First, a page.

Dr. Vasily Dobrovolsky, NCTR
Dr. Bret Freudenthal, Kansas University
Dr. Natalie Gassman, University of South Alabama
Dr. Jackie Goodrich, University of Michigan
Dr. Isabelle Miousse, UAMS
Dr. Caren Weinhouse, Duke University
Dr. John Wills, Health Canada

Brian N. Chorley, Ph.D. is currently a Research Biologist in the National Health and Environmental Effects Research Laboratory (NHEERL) at the US Environmental Protection Agency (US EPA) where he currently studies genetic and epigenetic biomarkers of adverse health outcomes due to chemical exposure. He also leads task groups within the EPA Research Action Plan (RAP) focused on adverse outcome pathway development/application and high-throughput assay design to test for CYP-mediated biotransformation of environmental chemical toxicity. Before joining US EPA, Dr. Chorley conducted research as a postdoctoral fellow at the National Institute of Environmental Health Sciences (NIEHS) in Research Triangle Park, NC under the mentorship of Drs. Douglas Bell and Steven Kleeberger. Dr. Chorley completed his Ph.D. in 2005 from North Carolina State University under the mentorship of Dr. Kenneth Adler where he studied the signaling mechanisms of inflammation and mucin production in airway epithelial cells. Dr. Chorley has been recognized for his work and service, including the AACR Scholar-in-Training award, seventeen Superior Accomplishment 'S' Recognition awards at US EPA, and Postdoctoral Fellow Mentor award from the Society of Toxicology. He has also served on multiple workgroups, committees, and review boards, including being a full review board member of the Department of Veterans Affairs merit grants, co-chair of multiple presentation sessions for both the Society of Toxicology and Environmental Mutagenesis and Genomics Society (EMGS), and co-chair of the microRNA Atlas subgroup of the ILSI Health and Environmental Science Institute (HESI) Genomics Committee. In addition, Dr. Chorley is currently President and former councilor on the Boards of Directors of the Genetics and Environmental Mutagenesis Society (GEMS), a North Carolina-based grassroots EMGS association. Dr. Chorley lives in Raleigh, NC with his wife and two sons.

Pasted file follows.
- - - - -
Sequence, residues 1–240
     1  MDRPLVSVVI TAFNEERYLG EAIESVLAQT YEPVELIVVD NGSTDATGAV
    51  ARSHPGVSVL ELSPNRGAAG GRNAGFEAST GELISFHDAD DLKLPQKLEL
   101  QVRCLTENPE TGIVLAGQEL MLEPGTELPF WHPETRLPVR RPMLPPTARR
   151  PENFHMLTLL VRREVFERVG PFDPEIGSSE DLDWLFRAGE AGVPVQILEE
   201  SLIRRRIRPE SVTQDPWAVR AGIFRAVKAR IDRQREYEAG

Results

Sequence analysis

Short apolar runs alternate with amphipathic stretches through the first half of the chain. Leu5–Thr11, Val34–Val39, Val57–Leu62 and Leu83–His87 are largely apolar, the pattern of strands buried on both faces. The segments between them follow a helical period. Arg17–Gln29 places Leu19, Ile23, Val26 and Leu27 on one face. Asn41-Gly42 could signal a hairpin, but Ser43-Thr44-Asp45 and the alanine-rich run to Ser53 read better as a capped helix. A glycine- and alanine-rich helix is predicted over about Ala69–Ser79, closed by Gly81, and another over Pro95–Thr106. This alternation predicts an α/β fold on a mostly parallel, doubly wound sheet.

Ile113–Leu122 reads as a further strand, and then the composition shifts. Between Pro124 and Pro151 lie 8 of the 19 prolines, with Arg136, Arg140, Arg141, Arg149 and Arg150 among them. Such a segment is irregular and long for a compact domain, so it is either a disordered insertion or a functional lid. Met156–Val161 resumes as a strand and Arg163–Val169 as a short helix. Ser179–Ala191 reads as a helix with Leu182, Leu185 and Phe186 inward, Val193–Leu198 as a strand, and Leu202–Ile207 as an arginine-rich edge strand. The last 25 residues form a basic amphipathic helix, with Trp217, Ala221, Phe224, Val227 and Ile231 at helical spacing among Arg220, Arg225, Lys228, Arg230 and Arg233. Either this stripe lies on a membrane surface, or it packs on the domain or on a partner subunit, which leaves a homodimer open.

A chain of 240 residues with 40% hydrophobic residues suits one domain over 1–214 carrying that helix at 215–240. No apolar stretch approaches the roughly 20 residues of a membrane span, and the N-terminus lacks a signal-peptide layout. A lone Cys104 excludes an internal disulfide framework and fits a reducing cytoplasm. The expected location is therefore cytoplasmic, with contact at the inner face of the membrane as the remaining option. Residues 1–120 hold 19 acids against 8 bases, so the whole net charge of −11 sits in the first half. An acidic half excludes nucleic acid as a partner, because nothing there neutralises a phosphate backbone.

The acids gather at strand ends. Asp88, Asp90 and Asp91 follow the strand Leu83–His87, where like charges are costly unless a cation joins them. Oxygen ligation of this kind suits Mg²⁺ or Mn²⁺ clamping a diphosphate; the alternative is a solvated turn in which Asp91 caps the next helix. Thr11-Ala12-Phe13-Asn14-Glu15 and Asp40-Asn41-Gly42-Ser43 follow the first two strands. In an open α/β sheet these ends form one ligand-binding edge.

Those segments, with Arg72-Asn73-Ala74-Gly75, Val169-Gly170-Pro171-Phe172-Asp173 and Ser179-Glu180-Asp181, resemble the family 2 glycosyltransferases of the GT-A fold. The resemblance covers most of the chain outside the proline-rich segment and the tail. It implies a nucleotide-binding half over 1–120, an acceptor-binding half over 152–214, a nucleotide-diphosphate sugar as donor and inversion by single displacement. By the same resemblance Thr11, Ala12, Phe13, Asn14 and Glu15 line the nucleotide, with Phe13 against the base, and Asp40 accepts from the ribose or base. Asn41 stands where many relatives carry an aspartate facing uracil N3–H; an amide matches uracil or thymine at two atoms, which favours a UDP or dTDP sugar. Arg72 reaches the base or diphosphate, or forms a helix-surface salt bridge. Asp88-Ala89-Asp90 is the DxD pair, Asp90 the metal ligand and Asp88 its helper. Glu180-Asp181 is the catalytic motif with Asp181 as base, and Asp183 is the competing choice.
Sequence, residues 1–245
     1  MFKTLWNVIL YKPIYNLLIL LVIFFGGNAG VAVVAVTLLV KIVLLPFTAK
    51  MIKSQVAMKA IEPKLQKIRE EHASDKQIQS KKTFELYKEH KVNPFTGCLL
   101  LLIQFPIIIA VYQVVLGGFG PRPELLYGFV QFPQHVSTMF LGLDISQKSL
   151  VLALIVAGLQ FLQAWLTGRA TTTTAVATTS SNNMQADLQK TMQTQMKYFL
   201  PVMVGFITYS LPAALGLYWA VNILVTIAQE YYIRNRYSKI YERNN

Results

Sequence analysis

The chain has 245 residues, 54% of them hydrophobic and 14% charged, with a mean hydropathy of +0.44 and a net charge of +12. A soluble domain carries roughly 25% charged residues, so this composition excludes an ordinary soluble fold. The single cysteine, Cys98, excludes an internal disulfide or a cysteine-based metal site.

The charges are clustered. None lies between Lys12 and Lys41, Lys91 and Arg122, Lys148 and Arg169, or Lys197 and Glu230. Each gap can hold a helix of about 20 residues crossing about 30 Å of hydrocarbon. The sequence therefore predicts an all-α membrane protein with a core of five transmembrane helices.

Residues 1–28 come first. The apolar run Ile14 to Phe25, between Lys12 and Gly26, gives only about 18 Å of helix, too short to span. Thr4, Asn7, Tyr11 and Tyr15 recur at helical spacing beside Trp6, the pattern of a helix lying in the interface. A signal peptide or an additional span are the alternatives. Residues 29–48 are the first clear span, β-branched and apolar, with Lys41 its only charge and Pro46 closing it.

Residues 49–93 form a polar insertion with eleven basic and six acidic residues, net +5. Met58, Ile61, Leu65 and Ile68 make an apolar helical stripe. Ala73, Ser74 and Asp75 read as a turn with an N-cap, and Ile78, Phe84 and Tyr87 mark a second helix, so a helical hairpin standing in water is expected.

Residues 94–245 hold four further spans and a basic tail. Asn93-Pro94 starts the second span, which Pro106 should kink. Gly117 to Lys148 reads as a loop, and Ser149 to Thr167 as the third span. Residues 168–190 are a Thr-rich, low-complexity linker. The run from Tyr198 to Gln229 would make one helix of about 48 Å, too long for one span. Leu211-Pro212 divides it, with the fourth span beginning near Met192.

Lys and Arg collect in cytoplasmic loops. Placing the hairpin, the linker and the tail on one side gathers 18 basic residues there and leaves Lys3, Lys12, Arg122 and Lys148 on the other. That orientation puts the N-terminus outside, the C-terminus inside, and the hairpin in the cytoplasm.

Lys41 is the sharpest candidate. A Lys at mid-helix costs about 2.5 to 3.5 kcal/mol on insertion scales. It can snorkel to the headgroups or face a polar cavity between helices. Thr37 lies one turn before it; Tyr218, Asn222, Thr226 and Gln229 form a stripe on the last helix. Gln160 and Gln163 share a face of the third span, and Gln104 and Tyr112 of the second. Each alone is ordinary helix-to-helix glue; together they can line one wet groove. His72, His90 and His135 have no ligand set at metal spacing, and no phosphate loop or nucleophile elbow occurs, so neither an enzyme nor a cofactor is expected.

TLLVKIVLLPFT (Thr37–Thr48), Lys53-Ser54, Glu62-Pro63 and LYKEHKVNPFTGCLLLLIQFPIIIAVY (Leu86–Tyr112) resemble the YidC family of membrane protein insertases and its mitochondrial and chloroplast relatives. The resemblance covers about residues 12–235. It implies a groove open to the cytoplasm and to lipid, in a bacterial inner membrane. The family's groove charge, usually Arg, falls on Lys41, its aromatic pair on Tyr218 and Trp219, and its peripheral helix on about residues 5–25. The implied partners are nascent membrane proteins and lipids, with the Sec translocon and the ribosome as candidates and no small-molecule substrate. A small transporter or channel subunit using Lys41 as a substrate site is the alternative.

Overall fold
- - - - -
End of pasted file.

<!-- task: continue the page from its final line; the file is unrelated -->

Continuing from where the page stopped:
Dr. Vasily N. Dobrovolsky received MS degree in biotechnology from the Moscow Institute of Physics and Technology (Russia) and PhD degree in molecular biology from the Institute of Bioorganic Chemistry of the Russian Academy of Sciences (Moscow, Russia). His PhD research was focused on tissue specific expression of foreign gene in the mammary gland of transgenic animals. In 1994 he joined the Division of Genetic Toxicology, National Center for Toxicological Research of the U.S. Food and Drug Administration (NCTR/FDA; Jefferson, AR) as a postdoctoral fellow in the group led by Bob Heflich. In 1998 he became a staff fellow and, subsequently, a staff scientist (research microbiologist) in the Division of Genetic and Molecular Toxicology (DGMT/NCTR).

As an FDA employee, Dr. Dobrovolsky is involved in developing and validating next generation safety assessments tools and approaches for detecting potential hazards (i.e., mutagens) among the products regulated by the FDA. He developed several in vitro and in vivo models useful for genotoxicity research utilizing various endogenous and transgenic reporter genes. His most recent accomplishment is comprehensive development and characterization of a model for detecting mutation in the endogenous X-linked Pig-a gene, and adopting the model as a regulatory-compliant assay. The Pig-a assay is potentially a flexible tool for assessing safety of pharmaceuticals in preclinical and clinical trials.

Dr. Dobrovolsky is a member of ILSI-HESI Genetic Toxicology Technical Committee (GTTC). During his career, Dr. Dobrovolsky has published more than 70 peer-reviewed journal articles and book chapters. Over the years he had multiple collaborative projects with scientists from Academia and Industry. Animals and cell lines derived by Dr. Dobrovolsky were distributed to investigators in the U.S., Australia and Europe for use in their independent research; the transgenic animals he has developed have been preserved in the NIH repository, MMRRC.

Dr. Bret Freudenthal is an Assistant Professor in both the Department of Biochemistry and the Department of Cancer Biology at the University of Kansas Medical Center. The overarching goal of his research program is to elucidate how environmental hazards that damage the DNA lead to deleterious human health outcomes. He utilizes a reductionist approach consisting of structural biology, biophysical, kinetic, and molecular biology assays to investigate complex biological questions related to DNA damage and repair. By combining this multi-disciplinary approach with both clinical and cellular collaborations he ultimately hopes to beneficially impact the treatment and prevention of DNA damage associated human diseases.